The incidence of SARS-CoV-2 infections was higher in Victorian postcodes with larger proportions of unemployed people, those without paid leave benefits, or those experiencing mortgage or rent stress, according to research published today by the Medical Journal of Australia.
Health, income, and education inequalities have been associated with variations in the local incidence of SARS-CoV-2 infections in the United States, but their impact in Australia has been less explored.
Researchers led by Dr. Christine Roder, an infectious disease researcher at Barwon Health and the Institute for Mental and Physical Health and Clinical Translation (IMPACT) at Deakin University, analyzed data about the incidence of SARS-CoV-2 in Victoria by postcode, between 1 March and 13 August 2020.
“During the study period, 15,482 SARS-CoV-2 infections with associated postcodes were recorded in Victoria,” Roder and colleagues reported.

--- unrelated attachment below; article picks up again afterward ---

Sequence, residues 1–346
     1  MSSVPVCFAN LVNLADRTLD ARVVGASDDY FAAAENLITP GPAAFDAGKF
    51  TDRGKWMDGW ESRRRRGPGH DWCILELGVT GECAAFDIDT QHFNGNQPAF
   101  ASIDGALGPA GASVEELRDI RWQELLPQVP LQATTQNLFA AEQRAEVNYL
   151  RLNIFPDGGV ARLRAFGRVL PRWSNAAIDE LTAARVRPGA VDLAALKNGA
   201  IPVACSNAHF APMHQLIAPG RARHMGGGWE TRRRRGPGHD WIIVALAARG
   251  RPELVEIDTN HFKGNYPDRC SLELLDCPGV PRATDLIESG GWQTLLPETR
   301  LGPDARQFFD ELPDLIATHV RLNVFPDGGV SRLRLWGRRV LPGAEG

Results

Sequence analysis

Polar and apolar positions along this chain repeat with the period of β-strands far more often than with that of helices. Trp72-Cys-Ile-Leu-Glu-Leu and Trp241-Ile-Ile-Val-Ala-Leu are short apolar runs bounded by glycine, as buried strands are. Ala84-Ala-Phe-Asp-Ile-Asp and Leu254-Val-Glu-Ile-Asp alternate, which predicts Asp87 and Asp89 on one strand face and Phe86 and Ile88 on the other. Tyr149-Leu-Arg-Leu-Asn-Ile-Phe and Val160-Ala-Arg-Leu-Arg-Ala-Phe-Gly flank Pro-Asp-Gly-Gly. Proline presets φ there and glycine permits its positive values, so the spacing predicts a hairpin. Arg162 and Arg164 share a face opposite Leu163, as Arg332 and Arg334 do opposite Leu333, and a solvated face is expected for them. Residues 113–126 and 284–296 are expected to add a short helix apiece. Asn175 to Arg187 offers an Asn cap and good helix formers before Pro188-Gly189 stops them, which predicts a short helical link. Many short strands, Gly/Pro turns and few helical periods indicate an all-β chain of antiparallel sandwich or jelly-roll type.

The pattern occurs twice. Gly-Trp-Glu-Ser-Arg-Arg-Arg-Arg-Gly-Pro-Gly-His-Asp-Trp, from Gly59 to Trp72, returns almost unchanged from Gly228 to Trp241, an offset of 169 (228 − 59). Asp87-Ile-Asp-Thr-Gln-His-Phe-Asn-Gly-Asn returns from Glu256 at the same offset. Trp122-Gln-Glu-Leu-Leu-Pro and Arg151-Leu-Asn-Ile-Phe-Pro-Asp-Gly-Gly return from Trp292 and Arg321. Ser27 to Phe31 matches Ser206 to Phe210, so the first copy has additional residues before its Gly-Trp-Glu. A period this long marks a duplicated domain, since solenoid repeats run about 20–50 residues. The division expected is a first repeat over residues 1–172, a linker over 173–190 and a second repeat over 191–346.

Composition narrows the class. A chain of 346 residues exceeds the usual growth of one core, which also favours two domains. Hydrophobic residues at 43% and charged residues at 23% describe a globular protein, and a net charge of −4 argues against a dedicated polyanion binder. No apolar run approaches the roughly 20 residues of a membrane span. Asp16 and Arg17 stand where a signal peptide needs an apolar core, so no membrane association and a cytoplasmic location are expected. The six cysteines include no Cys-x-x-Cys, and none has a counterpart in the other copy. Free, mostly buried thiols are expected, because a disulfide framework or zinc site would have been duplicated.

“Incidence was higher for metropolitan than regional postcodes (418.3 v 62 infections per 100,000 population).
“In regional postcodes, incidence rose with mean household size, unemployment proportion, and proportions for whom rent or mortgage repayments exceeded 30% of household income.
“In metropolitan areas, incidence increased with unemployment proportion and proportion without paid leave. Incidence also increased with proportion speaking languages other than English at home and with Indigenous Australian proportion.”
Roder and colleagues wrote that their findings showed that “postcode-level socio-economic differences influenced the local incidence of SARS-CoV-2 infections in Victoria during 2020.”
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